24 April 2014

Tales from an Oxford Bookshop


I ventured into St. Philip's Books on one of my last days in Oxford. It held a lot of books for clergy and on church history. I don't really read any of those kinds of books, but I made a loop around the shop, and decided to head out.

But as I was heading toward the exit, I noticed one corner (under the "more books" sign) where a man was looking at a shelf I did not glance at, yet. So, I paused and craned my neck to see what the shelves contained. To my utmost delight there were several shelves labelled "C.S. Lewis and the Inklings"!

I started pulling books off the shelf that I had never seen before, and that's saying a lot because I own every C.S. Lewis book I can ever get my hands on. I flipped to the copyright page of many books I held, and they were first editions! My heart skipped a beat. (I realize I am coming across as a huge book nerd, but that's who I am!) But then my heart dropped as I glanced at the price, written in pencil inside the front cover. They ranged from £
40- £60. That's roughly $60- $80. I just cannot pay that much for a book. 

Almost feeling dejected that I couldn't buy any C.S. Lewis books, I glanced at the next shelves to the right, and there my little eyes did catch the name of G.K. Chesterton on many many spines of books! Another author who I delight in and snatch up any books I can get my hands on. Again, there were numerous titles I had never seen before, and I pulled several off the shelf. I smiled when I saw the prices ranging from £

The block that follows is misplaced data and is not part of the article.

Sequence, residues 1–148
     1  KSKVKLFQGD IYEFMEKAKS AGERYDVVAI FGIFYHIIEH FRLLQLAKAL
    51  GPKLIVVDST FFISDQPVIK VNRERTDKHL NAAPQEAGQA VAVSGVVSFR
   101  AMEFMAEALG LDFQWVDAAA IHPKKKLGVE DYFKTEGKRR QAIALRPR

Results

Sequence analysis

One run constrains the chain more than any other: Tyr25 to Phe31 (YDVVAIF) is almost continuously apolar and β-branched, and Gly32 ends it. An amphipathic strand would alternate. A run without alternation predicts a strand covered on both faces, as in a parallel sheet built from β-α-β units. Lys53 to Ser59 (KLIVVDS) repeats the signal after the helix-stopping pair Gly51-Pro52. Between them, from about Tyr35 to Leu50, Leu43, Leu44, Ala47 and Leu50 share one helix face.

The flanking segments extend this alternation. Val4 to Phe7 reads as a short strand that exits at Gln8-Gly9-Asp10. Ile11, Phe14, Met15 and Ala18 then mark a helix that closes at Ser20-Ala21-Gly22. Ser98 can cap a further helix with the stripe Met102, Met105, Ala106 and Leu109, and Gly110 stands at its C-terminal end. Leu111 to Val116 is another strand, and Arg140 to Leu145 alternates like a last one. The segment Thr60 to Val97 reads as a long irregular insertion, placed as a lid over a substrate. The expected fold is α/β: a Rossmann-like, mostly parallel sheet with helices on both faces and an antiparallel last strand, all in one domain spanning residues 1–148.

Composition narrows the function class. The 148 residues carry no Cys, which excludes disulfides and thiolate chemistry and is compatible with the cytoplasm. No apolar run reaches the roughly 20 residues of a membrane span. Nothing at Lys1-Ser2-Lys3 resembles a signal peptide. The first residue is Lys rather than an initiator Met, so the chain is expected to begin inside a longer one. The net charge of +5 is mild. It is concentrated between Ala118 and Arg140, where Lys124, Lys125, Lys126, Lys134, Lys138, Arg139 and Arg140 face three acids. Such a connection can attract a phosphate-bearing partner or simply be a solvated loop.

4 -£9. Now, that I can manage.

I picked out two G.K. Chesterton hardback books of essays that were old and small in size (my favourite kind), but not first editions.

I had the two in my hand when suddenly a lady came up behind me and asked "Would you like me to buy you a book?"

I didn't even realize there was anyone standing behind me, and wasn't sure if she was talking to me. I turned toward her and asked, "I'm sorry?"

"Would you like me to buy you a book?" She asked again.
I wasn't sure how to respond, so I said , "Well, I am going to buy these two...."
"And I would like to buy one." She completed my sentence.
"That's very kind of you. You don't have to do that." I replied.
"Oh, but I want to. I hear that you are an American and I am very fond of your country, and I like to support this bookshop." She replied.

I thanked her and smiled at such a random act of kindness. She asked which book I wanted her to buy. The two I picked out were affordable (
£4 and £6) so I held one book in each hand and held them out, telling her it doesn't matter. She took one, and began to pay for it. She looked at the book I was buying and was very impressed with my selection of Chesterton. Then she asked me about where I was from and if I knew about the Chesterton society in America. She named several things I did not know about, and ended up taking a sheet of paper to make notes for me to look up certain things when I got back home.

She paid for my book, I thanked her about 20 times, asked what her name was (Harriet), then she shook my hand, wished me a Happy Easter and cheerfully left. I paid for my book and tucked them both into my travel tote bag, and went off to celebrate at dinner. There I sat and read the note and started reading one of the books. I just couldn't stop smiling about the cheerful giver who had just brightened an already bright visit to Oxford.

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